Wasn't "catastrophism" famously started by Chicken Little who went round shrieking that the sky was falling down, after finding a piece of wood painted blue with a star on it?  That the US Republicans have taken on Chicken Little's role shouldn't surprise anyone.  What is surpring is that Obama isn't getting the blame.  After all he is of African descent (aren't we all?) but blacker than some of us and could be Muslim too (if only a lapsed member, though I think that's not allowed) and might even be the very  secret agent selected by ISIS to infect the US with Ebola by first catching it himself and then spreading it through Congress.  (Perhaps I could apply for a job as a crazy ideas supplier to Fox News, though I doubt there's a vacancy.) 

But Ebola is a definite catastrophe for the countries that've got it, and not just because soap costs money but more because it is doubtful whether many folk there believe soap will help.  Ebola has been clever in selecting countries where a thin veneer of wealth and bourgeois civilization hides a mass of poverty, ignorance and superstition.  ( Does this sound like a country near you?)  Most people there are not sufficiently educated  to be able to respond in a wholly rational way to the terrifying situation into which they've been suddenly plunged.  Medical treatment is expensive as is medicine and care. Advice is bewildering.  Quack and witch doctors in modern dress rule the roost through fear and jiggery-pokery. Life is hard; scarcity the order of the day; regular employment unlikely and the future to be avoided with its promise of things only getting worse, which they undoubtedly will as capitalism continues its remorseless collapse.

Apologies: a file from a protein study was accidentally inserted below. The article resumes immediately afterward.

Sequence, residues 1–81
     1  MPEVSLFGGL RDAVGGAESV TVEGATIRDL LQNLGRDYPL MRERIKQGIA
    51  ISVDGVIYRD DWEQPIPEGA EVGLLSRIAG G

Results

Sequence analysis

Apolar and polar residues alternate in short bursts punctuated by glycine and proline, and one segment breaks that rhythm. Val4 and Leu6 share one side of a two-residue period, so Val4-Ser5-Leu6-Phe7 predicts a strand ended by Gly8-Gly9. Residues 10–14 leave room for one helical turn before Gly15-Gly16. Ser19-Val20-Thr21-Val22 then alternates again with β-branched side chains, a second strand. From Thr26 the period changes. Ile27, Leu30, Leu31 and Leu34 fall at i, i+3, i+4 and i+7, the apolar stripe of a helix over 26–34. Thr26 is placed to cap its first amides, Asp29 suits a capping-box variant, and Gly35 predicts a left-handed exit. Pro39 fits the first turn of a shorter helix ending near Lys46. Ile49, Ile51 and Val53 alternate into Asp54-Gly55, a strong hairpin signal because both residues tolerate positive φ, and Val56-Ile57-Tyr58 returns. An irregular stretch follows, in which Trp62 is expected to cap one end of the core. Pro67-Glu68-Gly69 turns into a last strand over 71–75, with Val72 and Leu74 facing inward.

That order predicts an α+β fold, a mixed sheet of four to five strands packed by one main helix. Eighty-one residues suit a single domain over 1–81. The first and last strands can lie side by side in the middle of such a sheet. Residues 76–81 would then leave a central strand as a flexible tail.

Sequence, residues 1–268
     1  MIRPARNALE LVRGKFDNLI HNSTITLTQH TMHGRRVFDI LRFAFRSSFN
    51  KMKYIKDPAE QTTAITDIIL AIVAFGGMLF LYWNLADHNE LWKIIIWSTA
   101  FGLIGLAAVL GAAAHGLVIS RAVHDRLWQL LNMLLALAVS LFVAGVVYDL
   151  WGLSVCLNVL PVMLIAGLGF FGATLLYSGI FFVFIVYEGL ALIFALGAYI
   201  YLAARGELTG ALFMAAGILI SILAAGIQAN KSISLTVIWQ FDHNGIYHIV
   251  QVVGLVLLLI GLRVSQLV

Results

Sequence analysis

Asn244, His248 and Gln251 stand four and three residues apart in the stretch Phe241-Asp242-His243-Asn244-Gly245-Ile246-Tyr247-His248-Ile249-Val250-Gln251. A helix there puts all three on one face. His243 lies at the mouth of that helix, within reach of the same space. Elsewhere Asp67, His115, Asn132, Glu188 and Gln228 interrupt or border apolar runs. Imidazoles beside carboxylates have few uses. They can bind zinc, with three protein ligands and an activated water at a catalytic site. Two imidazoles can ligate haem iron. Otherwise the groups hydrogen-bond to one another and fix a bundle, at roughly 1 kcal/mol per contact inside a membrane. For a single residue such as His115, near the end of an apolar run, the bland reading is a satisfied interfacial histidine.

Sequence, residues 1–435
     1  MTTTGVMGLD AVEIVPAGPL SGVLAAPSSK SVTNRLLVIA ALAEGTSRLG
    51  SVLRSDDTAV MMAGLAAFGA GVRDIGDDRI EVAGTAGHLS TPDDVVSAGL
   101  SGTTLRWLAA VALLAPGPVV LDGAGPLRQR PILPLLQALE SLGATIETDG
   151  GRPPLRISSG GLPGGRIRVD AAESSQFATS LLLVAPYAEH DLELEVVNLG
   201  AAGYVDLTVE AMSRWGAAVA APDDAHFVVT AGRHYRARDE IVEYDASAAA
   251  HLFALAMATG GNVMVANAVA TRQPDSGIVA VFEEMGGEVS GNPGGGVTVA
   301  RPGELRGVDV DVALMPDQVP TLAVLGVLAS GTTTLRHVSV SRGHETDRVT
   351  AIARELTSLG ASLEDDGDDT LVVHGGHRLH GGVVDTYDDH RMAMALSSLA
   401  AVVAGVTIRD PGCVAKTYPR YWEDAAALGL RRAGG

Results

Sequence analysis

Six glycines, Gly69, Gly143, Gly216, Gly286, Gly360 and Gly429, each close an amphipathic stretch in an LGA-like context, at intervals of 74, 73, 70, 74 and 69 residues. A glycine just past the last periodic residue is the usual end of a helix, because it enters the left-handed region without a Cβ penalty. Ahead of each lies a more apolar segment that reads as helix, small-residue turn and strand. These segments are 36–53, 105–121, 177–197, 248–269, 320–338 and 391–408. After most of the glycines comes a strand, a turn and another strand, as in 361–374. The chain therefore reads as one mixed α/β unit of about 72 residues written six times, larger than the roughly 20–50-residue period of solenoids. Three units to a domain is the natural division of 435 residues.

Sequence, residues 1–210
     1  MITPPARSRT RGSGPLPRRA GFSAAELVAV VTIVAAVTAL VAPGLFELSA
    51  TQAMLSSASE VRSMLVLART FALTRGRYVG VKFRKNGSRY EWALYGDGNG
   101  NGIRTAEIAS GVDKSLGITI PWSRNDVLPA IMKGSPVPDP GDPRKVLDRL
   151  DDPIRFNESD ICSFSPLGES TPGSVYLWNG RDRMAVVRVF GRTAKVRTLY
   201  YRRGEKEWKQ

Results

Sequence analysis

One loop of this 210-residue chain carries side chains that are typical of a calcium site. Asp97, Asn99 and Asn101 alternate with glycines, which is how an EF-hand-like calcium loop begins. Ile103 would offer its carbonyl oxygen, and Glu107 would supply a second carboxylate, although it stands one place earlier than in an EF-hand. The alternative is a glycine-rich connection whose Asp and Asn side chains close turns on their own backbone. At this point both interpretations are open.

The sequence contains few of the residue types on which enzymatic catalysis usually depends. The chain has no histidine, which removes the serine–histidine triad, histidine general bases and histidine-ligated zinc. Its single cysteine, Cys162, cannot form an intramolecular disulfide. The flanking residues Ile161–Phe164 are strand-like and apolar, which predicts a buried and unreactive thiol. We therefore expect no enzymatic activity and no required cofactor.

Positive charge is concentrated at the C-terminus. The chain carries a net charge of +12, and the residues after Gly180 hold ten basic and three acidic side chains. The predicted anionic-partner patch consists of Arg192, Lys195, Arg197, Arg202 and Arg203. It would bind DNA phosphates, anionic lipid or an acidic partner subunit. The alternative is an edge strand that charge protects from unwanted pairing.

So, in a way, Chicken Little was right though on the basis of false  evidence. Well anyone can make a mistake.  The sky is falling down and Ebola is a catastrophe for those countries  who've got it.  Let's hope it doesn't spread, and that all the citizens sitting cosily watching TV in the Land of the Free and the Sceptered Isle only suffer Ebola-as-Spectacle rather than the real thing. 

baboon
Change of beliefs

Having belatedly got round to tackling the problem. and along with the courage and selflessness of health workers at all levels, the "international community" seem to be getting on top of the outbreak. Figures of deaths are certainly falling in the three main affected regions of West Africa.

 

I caught part of a talk from a professor on a TV news bulletin who was involved in looking at the lessons of the outbreak and, though I didn't get his name or position, it was clear that he was talking a great deal of sense. One of the main reasons for the spread of the disease (which is hard to contract) was that the belief systems of the tribal people of West Africa (in common with other societies or religions) is that you have to wash and clean the bodies of the deceased in order to cleanse them spiritually and then they have to be buried in order for them to return to nature and the cosmos. Burial is the only way to do this and cremation is an absolute taboo among these peoples. Or it was. The professor points out that the major factor incombatting the spread of the disease has been the acceptance, as a matter of priority and self-interest, of cremation overturning centuries of traditional beliefs. I think that these actions, this example, has a resonance beyond the Ebola outbreak.

 

The professor also stressed the point that the woeful and inadequate health system in Africa generally will again contribute to the spread of diseases which will not stop at borders.